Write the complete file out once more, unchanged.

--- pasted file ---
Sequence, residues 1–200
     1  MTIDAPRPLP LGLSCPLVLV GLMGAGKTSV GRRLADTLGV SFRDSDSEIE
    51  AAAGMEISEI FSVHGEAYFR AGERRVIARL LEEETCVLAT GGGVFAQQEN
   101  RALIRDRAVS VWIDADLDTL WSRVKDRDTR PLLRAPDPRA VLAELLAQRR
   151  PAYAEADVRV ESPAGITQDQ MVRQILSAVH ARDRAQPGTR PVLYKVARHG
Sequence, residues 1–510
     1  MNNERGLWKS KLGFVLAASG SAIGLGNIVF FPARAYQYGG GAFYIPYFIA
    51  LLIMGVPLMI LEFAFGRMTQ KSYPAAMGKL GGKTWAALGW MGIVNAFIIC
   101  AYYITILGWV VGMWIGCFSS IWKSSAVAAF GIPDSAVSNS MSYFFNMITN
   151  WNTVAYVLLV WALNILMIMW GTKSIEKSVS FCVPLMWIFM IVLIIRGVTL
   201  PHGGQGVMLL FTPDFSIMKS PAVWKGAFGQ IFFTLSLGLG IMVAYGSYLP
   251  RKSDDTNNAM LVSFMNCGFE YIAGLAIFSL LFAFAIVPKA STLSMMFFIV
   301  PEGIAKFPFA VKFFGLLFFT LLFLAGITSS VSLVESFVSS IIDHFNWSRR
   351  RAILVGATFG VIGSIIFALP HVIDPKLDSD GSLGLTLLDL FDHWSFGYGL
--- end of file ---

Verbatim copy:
Sequence, residues 1–200
     1  MTIDAPRPLP LGLSCPLVLV GLMGAGKTSV GRRLADTLGV SFRDSDSEIE
    51  AAAGMEISEI FSVHGEAYFR AGERRVIARL LEEETCVLAT GGGVFAQQEN
   101  RALIRDRAVS VWIDADLDTL WSRVKDRDTR PLLRAPDPRA VLAELLAQRR
   151  PAYAEADVRV ESPAGITQDQ MVRQILSAVH ARDRAQPGTR PVLYKVARHG
Sequence, residues 1–510
     1  MNNERGLWKS KLGFVLAASG SAIGLGNIVF FPARAYQYGG GAFYIPYFIA
    51  LLIMGVPLMI LEFAFGRMTQ KSYPAAMGKL GGKTWAALGW MGIVNAFIIC
   101  AYYITILGWV VGMWIGCFSS IWKSSAVAAF GIPDSAVSNS MSYFFNMITN
   151  WNTVAYVLLV WALNILMIMW GTKSIEKSVS FCVPLMWIFM IVLIIRGVTL
   201  PHGGQGVMLL FTPDFSIMKS PAVWKGAFGQ IFFTLSLGLG IMVAYGSYLP
   251  RKSDDTNNAM LVSFMNCGFE YIAGLAIFSL LFAFAIVPKA STLSMMFFIV
   301  PEGIAKFPFA VKFFGLLFFT LLFLAGITSS VSLVESFVSS IIDHFNWSRR
   351  RAILVGATFG VIGSIIFALP HVIDPKLDSD GSLGLTLLDL FDHWSFGYGL